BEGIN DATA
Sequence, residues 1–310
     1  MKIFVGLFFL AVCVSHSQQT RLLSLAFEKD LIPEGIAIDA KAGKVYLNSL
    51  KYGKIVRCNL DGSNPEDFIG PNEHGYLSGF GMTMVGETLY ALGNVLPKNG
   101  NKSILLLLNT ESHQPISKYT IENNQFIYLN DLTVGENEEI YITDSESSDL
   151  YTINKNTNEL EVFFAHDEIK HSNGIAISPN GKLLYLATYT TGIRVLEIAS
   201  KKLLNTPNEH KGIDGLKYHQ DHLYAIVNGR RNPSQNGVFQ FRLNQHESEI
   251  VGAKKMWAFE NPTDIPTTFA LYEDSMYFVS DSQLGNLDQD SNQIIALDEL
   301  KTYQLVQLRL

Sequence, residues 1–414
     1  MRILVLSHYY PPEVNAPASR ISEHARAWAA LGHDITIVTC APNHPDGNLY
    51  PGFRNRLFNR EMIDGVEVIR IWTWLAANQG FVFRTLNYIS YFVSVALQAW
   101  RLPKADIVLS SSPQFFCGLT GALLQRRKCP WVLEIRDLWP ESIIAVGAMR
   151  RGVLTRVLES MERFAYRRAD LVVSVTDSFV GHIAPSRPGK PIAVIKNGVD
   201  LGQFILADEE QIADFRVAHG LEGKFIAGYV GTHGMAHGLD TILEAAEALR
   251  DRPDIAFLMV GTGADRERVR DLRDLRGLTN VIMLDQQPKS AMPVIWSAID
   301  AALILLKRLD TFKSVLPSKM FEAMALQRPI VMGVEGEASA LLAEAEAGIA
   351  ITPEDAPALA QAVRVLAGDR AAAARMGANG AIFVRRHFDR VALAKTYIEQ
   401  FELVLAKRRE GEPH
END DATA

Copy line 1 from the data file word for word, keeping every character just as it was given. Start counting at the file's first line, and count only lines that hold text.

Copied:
Sequence, residues 1–310